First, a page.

8th Doctor – Emma Thompson (1996)

In came American money and a slicker production, with Emma Thompson providing the necessary Britishness for this transatlantic production. Her Doctor turned out to be the best thing about an otherwise muddled and generic one-off outing, quickly making her a fan favourite even if she didn’t get a full series.

9th Doctor – Ruth Jones (2005)

For years, it looked like the Doctor and her travels would be consigned to the purgatory of reruns on UK Gold but, much like in “Star Trek IV”, Wales saved the day. Revived as a new, prestigious family viewing event series, Welsh actress Ruth Jones popped up in the TARDIS to save Ross Tyler (James Corden) from death at the hands of shop dummies and the rest is reboot history. Unfortunately, Jones had writing ambitions of her own and so stayed only for one series, leaving to work on other projects.

10th Doctor – Keeley Hawes (2005-2010)

With the show back on top, suddenly it was must-see TV and a jewel in the BBC crown. A cool and charismatic new Doctor was needed and Keeley Hawes stepped forward. Capable of balancing light and dark and still tortured by the Time War, the Doctor and the programme itself went from strength to strength, culminating in a celebratory run of TV specials and an epic two-part Christmas and New Year farewell extravaganza.

11th Doctor – Carey Mulligan (2010-2013)

Having appeared on the show previously, viewers were a little surprised when Carey Mulligan landed the role of The 11th Doctor but the coincidence was eventually explained in a throwaway piece of dialogue about reminding herself not to blink or some such. Mulligan embraced a zanier, more fun take on the Doctor, while conveying the pathos of a very old soul in a young body. Presiding over Doctor Who’s 50th Anniversary celebrations allowed her to stage the perfect send-off.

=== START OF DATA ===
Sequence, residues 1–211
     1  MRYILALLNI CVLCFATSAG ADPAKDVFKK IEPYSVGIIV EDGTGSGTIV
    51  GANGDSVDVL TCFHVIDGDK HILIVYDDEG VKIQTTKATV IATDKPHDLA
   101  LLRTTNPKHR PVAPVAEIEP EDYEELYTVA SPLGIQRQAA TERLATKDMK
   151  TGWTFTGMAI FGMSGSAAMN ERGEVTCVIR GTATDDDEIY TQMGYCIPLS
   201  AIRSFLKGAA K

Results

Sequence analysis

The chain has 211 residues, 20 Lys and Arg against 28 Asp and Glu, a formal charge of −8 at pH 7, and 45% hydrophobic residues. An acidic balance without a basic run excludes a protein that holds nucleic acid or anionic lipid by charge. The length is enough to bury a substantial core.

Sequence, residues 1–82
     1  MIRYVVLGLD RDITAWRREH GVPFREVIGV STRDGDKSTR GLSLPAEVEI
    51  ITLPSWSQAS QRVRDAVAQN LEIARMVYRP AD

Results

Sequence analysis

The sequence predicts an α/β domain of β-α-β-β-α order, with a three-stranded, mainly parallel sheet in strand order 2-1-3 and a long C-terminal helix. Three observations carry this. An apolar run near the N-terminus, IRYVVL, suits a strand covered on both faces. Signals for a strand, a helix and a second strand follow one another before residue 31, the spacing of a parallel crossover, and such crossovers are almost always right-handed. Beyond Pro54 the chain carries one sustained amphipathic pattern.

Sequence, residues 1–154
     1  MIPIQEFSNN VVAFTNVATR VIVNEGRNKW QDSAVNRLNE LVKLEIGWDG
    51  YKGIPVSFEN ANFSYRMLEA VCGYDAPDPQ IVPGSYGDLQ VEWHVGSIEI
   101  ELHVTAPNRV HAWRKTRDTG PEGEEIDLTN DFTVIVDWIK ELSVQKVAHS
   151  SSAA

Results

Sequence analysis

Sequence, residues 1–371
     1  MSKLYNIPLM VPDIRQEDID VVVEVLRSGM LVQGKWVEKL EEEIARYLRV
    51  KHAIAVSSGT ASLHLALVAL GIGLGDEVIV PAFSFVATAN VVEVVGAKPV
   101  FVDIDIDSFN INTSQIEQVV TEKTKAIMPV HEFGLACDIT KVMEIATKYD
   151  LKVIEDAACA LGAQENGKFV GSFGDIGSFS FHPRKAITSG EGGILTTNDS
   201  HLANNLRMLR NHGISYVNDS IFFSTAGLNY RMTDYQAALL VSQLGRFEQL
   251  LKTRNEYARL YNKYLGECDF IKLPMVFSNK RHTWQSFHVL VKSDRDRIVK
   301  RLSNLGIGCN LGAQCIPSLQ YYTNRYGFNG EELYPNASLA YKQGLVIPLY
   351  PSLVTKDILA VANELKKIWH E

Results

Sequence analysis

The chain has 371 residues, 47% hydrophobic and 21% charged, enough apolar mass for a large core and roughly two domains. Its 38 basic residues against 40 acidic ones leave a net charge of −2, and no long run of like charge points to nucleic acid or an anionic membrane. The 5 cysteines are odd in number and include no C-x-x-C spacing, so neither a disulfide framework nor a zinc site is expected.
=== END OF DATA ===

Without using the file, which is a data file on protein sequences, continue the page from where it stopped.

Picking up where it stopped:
War Doctor – Diana Rigg (2013)

When Ruth Jones was too busy to return to film the 50th Anniversary show “The Day Of The Doctor”, fans were astonished to learn of a long-hidden regeneration, between the 8th and 9th Doctors. Who better to portray this battle-hardened warrior physician than the phenomenal Diana Rigg. Appearing with both Keeley Hawes and Carey Mulligan, Diana Rigg’s weary soldier undid the damage of the Time War and helped restore Gallifrey.

12th Doctor – Helen Mirren (2013-2017)

Having stayed young and trendy for some time, Helen Mirren’s 12th Doctor shook things up a bit by returning to the show’s roots, bringing an edge of gravitas, grumpiness and not a little sass albeit with an undercurrent of bravery and kindness. People were surprised that such a well known and established actress would take the role but it turned out Mirren had been a fan when she was younger. Compassionate and regal, Mirren’s Doctor became known for stirring and emotive monologues as well as a cheeky pre-regeneration appearance in the 50th Anniversary special.

This brings us up to date and the surprising announcement that the 13th Doctor will be played by a man for the first time. Kris Marshall, lately of “Death In Paradise” was revealed in a brief woodland walk video on Saturday after the Wimbledon Ladies Final – beating out Jodie Whittaker whom everyone had assumed was a ‘lock’ for the role and so far, fan reaction has been pretty good apart from the usual vocal tiny minority who feel threatened by the change. But nobody ever said the Doctor has to be a woman, did they?

So there you go, that’s my fan casting of an all-female history of “Doctor Who”. What do you think? Who would you have cast? Did I miss a better 2nd Doctor? Was it fair for Dench to undergo “The Trial Of A Time Lord”? Let me know who you’d have cast instead in the comments below.